Your explanation is a bit convoluted.
Can I understand it as: for some tables, CDC to downstream is an update, while for others, CDC to downstream is delete+update.
For tables that have delete+update, a direct update is also possible. Is that what you mean?

I think you can take a look at this.

Avro and CSV Protocol, does not emit the old value for the update event to downstream, so if the primary key is updated, the old data cannot be deleted from the downstream data system.

By splitting the update event into a delete event and an insert event, the old data can be deleted first, and then the new data can be inserted.

It looks like an enhancement made to be compatible with certain protocols.
I have to admit that I am not familiar with TiCDC. This is a possibility.

| username: porpoiselxj | Original post link

It looks a bit close, but I’m using the open-protocol protocol.

| username: 小龙虾爱大龙虾 | Original post link

When the primary key is updated upstream, it should indeed become delete+update downstream. I think that’s quite reasonable :flushed:

| username: porpoiselxj | Original post link

To some extent, it is reasonable, but it should not be adjusted by default during the upgrade, nor is it mentioned in the upgrade documentation. Alternatively, having a switch to turn it off would be fine, otherwise, it will impact the existing system.

| username: 有猫万事足 | Original post link

I think we still need to confirm whether it is related to the primary key update.

If it is indeed a primary key update → delete + update, and a non-primary key update → update, then this is quite normal.
The concern is if a non-primary key update is also delete + update.

As long as it’s not a bug, we can discuss other issues after the new year.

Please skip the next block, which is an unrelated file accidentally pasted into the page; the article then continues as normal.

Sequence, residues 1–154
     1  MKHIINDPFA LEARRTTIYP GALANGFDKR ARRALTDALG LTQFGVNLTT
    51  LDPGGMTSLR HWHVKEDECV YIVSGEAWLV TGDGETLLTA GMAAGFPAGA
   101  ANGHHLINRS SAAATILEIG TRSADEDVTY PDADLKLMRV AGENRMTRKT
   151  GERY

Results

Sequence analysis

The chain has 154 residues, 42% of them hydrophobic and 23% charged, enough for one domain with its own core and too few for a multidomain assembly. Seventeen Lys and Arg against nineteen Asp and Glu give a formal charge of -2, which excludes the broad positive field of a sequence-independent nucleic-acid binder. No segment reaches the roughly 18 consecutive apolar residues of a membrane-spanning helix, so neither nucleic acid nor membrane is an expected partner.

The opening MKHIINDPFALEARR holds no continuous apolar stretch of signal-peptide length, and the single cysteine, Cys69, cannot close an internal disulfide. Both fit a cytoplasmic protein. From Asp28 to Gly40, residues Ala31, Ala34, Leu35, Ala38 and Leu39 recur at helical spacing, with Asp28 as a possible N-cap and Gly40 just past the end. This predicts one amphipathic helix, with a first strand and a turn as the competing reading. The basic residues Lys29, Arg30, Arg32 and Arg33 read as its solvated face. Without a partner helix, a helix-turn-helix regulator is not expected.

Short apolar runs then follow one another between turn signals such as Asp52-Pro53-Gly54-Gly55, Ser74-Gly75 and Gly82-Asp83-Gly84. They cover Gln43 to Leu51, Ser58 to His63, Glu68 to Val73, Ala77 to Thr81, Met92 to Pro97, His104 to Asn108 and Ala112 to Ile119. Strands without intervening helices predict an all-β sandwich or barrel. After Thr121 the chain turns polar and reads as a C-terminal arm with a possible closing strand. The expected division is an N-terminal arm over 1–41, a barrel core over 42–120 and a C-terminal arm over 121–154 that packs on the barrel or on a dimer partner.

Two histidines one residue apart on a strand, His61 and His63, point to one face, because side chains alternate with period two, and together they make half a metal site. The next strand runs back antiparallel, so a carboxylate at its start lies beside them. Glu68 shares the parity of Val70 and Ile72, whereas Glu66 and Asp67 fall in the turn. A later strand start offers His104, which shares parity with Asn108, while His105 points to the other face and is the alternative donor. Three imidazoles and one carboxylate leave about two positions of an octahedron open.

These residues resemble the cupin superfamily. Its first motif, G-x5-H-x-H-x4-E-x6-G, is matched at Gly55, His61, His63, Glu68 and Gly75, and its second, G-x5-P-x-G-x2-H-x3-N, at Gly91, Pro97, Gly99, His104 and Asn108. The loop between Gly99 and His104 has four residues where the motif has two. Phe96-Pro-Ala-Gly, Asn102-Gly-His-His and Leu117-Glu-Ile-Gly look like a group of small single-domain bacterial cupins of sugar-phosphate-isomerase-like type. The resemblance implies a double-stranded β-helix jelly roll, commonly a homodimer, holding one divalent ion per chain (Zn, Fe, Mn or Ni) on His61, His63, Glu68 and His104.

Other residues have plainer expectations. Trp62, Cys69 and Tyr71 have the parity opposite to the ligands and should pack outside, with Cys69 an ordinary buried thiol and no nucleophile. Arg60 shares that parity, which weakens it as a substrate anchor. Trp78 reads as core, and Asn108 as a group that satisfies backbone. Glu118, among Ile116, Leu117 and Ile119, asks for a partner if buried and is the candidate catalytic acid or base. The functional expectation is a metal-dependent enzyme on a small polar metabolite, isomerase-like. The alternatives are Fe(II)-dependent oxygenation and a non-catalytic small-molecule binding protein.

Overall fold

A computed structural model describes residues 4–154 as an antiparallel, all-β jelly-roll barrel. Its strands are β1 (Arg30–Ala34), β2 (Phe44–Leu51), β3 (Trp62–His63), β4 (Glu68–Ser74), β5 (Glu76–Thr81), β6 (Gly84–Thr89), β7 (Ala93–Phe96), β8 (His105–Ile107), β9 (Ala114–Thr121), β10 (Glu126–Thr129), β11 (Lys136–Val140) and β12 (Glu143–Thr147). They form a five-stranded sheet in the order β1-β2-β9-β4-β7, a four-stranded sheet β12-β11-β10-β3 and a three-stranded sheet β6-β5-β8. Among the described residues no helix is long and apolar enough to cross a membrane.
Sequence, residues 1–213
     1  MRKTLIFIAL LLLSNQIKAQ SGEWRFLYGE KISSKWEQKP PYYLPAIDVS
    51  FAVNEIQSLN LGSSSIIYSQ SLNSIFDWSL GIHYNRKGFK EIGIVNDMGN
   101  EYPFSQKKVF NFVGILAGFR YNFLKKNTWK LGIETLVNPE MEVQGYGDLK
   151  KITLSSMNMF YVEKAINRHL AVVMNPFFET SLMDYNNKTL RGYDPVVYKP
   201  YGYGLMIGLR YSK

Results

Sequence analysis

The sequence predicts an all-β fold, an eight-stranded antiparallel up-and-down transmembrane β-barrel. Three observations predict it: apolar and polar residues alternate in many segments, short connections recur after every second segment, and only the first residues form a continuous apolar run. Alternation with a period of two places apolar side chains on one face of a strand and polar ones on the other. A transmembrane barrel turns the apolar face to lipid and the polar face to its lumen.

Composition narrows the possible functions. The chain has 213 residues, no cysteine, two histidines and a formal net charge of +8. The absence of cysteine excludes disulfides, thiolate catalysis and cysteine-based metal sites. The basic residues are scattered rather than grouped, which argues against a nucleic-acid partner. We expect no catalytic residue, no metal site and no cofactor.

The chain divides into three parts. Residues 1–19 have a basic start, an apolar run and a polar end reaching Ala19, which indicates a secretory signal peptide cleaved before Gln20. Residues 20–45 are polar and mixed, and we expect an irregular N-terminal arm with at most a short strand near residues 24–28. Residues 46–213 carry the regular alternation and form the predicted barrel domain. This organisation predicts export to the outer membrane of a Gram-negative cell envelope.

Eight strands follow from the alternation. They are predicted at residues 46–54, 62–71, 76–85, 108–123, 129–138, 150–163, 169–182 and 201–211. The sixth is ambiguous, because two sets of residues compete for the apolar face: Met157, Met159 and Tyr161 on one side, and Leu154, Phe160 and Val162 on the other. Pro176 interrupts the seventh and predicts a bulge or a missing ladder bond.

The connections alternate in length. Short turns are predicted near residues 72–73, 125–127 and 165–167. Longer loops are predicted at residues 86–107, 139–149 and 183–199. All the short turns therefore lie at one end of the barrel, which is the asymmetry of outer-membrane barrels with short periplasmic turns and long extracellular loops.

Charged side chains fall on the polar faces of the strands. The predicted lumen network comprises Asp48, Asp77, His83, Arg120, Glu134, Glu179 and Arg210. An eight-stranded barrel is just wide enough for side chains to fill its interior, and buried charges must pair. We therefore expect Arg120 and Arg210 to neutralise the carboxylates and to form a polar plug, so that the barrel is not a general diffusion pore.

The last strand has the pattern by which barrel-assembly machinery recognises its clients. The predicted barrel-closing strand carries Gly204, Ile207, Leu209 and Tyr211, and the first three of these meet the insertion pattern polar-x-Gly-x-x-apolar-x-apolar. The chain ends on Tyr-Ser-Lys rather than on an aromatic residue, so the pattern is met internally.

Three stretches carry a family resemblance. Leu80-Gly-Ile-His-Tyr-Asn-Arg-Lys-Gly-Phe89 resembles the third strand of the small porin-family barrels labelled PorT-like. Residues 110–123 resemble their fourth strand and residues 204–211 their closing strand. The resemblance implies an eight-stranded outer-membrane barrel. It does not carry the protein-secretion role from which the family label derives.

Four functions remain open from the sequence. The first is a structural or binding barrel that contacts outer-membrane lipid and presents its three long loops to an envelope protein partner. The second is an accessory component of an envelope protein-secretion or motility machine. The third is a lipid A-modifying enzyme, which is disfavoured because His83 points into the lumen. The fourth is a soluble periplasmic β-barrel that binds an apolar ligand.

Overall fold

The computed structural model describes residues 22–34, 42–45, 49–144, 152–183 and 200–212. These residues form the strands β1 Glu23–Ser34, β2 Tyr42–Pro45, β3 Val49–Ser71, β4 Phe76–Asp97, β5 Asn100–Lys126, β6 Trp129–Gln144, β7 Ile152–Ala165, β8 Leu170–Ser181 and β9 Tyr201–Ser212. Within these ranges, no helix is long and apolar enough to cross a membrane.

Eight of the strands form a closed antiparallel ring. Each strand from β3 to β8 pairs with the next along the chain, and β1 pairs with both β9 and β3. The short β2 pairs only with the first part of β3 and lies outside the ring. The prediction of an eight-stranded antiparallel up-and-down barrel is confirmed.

At this point, let’s avoid unnecessary stress. :joy:

| username: porpoiselxj | Original post link

After repeated testing, it is indeed related to updating the unique field. Updating other fields works normally.

| username: TIDB-Learner | Original post link

First delete, then replace. Write it out, I want to know why it’s done this way.

| username: zhanggame1 | Original post link

Deleting and then inserting is converted into a replace statement, right?

| username: porpoiselxj | Original post link

I have Kafka messages here, which have become two messages: first delete, then add.

| username: kkpeter | Original post link

CDC has safe-mode enabled by default, you can turn it off.

| username: porpoiselxj | Original post link

Could you please tell me where the safe-mode for cdc to kafka is configured? I have been looking through the documentation for a long time and haven’t found it.

| username: LingJin | Original post link

Hello everyone, I am the developer of this feature, and I am very pleased to see the discussion on this issue.

  • The CDC to Kafka link does not have a safe-mode parameter.
  • When using the Kafka sink, the split logic for update events is as follows. For a single update event, if there is a modification to the primary key or unique key, it is split into delete + insert statements.

Regarding the splitting of update events, users observe that the output content has changed. This behavior change appears to be for compatibility with certain protocols, such as Avro and CSV, but it also involves the correctness of other modules’ functionalities, such as the index-value dispatcher.